CSS Triangles with a Faux Border/Shadow for Navigation Indicators



So today I ran into a conundrum as I was working on the “active” state for a menu for my one of my client’s redesign of their corporate site.

In the design there is an active state of a little triangle indicating what section is active as a full width submenu slides down from beneath the main menu (that tutorial is the works).

So the triangle itself isn’t a problem. I easily created that using the :after psuedo-element.

The problem I ran into was the triangle itself has a border on the left and right sides and then extends across the page beneath the menu.


Now I could have easily solved this by resorting to using a image and some clever positioning to overlap the full-page bottom border of the menu, but I wanted to go with a complete CSS approach.

In this approach I am using the :before and :after pseudo-elements to add two triangles. :after will be controlling the “top” triangle, :before the bottom triangle – aka our fake border.

See it in action below. I’ve commented the CSS source to explain exactly what I did, and why. I’ve written up a brief explanation below of the process, but exploring the pen, and checking out the demo is really the easiest way to see how/why/what is making this work.

See the Pen uvxCI by Lindsey (@cssgirl) on CodePen.5514

Basically, the approach I took went like this:

The menu was already built our from previous iterations and was an unordered list. I used floats to align the list items (<li>s) all on one line. Now, within those <li>s we have our links. I also floated the <a>s to the left, and set them to display:block. This grants me more control over the links stylistically. Specifically, in this case, the ability to set a height and borders that expand the full height of the item.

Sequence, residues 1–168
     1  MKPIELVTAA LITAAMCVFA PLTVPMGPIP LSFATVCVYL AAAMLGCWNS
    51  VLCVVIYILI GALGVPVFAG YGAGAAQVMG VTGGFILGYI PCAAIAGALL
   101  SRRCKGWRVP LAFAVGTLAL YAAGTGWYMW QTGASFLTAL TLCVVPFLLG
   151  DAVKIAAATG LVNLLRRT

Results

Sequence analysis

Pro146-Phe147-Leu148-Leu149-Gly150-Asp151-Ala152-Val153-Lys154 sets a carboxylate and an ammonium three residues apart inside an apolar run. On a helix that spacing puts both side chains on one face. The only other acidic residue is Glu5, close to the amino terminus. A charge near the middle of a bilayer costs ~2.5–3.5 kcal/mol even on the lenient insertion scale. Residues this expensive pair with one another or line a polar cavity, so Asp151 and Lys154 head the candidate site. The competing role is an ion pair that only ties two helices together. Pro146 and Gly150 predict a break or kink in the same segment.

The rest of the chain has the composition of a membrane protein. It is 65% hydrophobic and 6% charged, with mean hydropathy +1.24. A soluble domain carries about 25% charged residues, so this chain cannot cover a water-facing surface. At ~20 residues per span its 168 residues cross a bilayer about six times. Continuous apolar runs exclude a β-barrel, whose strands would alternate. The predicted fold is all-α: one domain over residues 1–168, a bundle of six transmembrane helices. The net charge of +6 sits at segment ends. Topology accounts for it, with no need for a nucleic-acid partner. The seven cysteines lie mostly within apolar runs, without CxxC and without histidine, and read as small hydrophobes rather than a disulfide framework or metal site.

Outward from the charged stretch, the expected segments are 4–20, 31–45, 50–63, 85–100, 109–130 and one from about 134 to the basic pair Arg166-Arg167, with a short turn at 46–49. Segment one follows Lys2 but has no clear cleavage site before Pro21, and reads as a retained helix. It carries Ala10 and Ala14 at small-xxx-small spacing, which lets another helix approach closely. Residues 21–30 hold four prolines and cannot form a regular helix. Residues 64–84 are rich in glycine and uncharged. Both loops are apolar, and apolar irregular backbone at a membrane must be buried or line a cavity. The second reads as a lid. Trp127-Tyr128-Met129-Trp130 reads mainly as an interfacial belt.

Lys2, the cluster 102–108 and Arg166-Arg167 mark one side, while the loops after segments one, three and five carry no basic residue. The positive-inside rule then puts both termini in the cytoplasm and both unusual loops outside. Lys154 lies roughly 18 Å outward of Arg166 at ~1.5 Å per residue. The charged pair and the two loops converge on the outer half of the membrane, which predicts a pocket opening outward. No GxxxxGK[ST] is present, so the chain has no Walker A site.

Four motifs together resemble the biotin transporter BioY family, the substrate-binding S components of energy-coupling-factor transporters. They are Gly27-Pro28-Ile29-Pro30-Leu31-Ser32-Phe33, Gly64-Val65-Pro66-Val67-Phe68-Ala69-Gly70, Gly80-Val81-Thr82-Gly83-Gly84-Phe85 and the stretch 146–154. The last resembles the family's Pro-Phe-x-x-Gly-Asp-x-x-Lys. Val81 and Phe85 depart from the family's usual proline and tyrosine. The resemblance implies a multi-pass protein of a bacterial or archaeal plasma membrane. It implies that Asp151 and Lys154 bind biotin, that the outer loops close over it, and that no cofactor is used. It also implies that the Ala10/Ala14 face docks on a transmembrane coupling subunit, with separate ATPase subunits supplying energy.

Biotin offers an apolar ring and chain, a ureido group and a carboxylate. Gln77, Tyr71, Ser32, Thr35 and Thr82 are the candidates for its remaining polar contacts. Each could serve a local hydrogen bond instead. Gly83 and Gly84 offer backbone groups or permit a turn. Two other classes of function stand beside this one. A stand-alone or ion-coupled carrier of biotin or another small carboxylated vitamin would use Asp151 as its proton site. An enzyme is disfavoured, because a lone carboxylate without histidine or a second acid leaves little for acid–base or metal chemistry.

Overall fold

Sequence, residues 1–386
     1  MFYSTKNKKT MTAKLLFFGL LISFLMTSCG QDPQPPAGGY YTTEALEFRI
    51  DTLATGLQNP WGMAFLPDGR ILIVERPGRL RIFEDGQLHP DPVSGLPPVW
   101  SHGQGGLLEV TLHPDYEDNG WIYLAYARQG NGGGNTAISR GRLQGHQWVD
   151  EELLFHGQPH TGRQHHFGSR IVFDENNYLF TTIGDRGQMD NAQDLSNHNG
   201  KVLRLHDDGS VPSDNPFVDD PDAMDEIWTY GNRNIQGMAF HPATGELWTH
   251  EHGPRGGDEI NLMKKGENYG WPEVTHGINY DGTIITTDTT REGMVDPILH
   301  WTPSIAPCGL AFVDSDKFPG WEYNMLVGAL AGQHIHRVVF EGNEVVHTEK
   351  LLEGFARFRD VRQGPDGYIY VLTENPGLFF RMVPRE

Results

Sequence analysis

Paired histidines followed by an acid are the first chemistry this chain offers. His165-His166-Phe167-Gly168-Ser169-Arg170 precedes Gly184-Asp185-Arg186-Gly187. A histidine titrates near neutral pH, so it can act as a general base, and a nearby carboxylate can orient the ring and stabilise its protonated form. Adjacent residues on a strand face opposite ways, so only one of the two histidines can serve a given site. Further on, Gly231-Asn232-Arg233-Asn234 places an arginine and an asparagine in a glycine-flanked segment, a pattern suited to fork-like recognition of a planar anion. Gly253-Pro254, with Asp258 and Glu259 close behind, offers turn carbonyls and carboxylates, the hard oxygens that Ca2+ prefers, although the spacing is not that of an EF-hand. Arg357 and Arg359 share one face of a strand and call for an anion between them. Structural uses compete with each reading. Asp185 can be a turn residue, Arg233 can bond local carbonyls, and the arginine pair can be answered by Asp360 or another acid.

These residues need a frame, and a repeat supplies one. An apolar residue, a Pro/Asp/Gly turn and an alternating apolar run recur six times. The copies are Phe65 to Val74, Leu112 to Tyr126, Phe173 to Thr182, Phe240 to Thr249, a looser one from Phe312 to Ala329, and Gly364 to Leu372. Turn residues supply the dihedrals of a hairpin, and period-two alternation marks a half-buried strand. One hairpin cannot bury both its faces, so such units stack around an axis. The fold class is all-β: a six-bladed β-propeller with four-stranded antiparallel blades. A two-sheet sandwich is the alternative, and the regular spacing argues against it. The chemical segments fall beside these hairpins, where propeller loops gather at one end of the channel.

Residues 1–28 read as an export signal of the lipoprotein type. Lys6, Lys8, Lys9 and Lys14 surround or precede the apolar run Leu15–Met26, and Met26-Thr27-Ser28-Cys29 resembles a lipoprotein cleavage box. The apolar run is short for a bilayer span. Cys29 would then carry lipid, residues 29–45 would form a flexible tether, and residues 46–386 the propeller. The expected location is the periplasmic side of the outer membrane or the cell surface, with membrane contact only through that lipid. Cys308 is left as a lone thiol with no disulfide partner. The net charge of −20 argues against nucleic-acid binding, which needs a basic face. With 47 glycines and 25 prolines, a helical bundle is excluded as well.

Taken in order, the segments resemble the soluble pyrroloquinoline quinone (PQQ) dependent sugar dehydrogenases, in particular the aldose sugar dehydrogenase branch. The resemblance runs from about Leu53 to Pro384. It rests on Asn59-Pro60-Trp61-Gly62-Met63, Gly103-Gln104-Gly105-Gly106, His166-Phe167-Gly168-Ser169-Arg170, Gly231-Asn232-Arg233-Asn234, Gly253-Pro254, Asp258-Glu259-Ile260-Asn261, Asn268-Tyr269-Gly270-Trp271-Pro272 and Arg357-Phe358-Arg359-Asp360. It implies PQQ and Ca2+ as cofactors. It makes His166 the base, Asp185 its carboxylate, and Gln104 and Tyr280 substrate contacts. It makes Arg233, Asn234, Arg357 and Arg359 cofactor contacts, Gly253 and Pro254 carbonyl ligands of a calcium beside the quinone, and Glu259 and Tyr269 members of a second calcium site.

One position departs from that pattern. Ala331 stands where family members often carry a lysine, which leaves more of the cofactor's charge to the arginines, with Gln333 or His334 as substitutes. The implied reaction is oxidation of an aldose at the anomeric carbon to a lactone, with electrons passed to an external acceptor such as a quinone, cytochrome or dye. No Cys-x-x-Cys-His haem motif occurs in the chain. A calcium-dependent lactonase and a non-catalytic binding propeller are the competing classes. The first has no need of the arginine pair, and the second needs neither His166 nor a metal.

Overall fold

Now, the item I am targeting is a list item with a class of active (<li class="active">). I want this item to have the faux triangle border effect. So, using :before and :after I create my two triangles. :before is going to be our bigger, darker triangle, while :after is going to match the background color of the body area below it, giving the appearance of a seamless transition from the body area below it to the triangle itself. The darker bottom triangle should be at least 2px greater in size than the triangle above it. In this case the indicator triangle itself has an 8px border width. The larger/darker is 10px;

I position the triangles using absolute positioning to the bottom of the menu item (make sure your <li> has been set to have relative positioning so it will stay within the bounds of the item). Using the absolute positioning I give the triangles -1px (:after triangle) and -2px (border triangle (:before)), so it will overlap the border that is along the bottom of the menu, creating that seamless illusion.

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